December 1986
Volume 27, Issue 12
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Articles  |   December 1986
Relation between superficial capillaries and foveal structures in the human retina.
Investigative Ophthalmology & Visual Science December 1986, Vol.27, 1698-1705. doi:
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      M Iwasaki, H Inomata; Relation between superficial capillaries and foveal structures in the human retina.. Invest. Ophthalmol. Vis. Sci. 1986;27(12):1698-1705.

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      © ARVO (1962-2015); The Authors (2016-present)

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Abstract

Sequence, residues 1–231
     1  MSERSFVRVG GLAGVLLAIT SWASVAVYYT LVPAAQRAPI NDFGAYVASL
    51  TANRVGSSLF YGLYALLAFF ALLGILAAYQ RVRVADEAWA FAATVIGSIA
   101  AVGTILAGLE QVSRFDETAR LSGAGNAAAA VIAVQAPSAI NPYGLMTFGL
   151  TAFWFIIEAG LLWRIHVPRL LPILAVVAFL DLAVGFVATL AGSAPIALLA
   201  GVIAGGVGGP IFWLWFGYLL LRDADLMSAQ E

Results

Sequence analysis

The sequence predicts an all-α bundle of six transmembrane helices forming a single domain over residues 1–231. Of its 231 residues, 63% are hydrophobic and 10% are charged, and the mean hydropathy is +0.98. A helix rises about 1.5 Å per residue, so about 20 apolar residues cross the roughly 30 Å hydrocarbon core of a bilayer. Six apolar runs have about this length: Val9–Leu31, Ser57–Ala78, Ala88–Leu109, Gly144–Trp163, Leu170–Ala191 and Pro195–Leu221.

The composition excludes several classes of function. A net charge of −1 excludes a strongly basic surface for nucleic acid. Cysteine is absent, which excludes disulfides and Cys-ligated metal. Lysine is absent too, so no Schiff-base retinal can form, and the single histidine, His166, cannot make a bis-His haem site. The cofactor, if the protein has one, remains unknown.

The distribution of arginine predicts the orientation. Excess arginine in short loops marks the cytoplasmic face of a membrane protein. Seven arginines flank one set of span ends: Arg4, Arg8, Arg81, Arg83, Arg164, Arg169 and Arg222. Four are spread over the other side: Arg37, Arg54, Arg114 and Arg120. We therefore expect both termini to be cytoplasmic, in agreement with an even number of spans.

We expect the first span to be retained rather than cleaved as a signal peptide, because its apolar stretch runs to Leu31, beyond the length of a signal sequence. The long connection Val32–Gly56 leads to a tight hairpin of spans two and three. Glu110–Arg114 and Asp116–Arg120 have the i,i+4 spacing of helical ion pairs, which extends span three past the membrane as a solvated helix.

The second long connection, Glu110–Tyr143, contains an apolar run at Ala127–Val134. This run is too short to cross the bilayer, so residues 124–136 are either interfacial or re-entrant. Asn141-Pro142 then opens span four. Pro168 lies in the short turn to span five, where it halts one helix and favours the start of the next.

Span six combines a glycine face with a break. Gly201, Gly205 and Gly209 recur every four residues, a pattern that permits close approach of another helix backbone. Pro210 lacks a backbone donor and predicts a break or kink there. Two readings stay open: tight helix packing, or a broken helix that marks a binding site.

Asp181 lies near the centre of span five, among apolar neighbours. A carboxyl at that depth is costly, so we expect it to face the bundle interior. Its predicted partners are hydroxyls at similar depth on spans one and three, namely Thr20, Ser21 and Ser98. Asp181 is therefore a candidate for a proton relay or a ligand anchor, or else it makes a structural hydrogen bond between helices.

When examining semithin Epon sections of human retinas, it became evident that superficial capillaries showed four different positions, according to the thickness of the ganglion cell layer. For the clear view of the distribution of the position of superficial capillaries, the intrafoveal region was subdivided into four zones, based on the thickness of the ganglion cell layer; the foveola and the A-, B-, and C-zone. The foveola has no ganglion cell layer, and the A-zone has a ganglion cell layer thinner than 15 microns. These regions lack superficial capillaries. In the B-zone, the ganglion cell layer is 15-45 microns thick, and here the superficial capillaries lie in the outer boundary of the ganglion cell layer. The C-zone and parafovea have a ganglion cell layer thicker than 45 microns, and superficial capillaries are present within the ganglion cell layer. The perifovea has a ganglion cell layer 15-45 microns thick. In the temporal perifovea, where the nerve fiber layer is not so distinct, superficial capillaries are located on the outer boundary of the ganglion cell layer. In the other portion of the perifovea, superficial capillaries lie in the inner boundary of the ganglion cell layer. Out of the perifovea, where the ganglion cell layer is thinner than 15 microns, most of superficial capillaries touch both boundaries of the ganglion cell layer. Major retinal vessels touch the ganglion cell layer and lie in the similar position to that of superficial capillaries.

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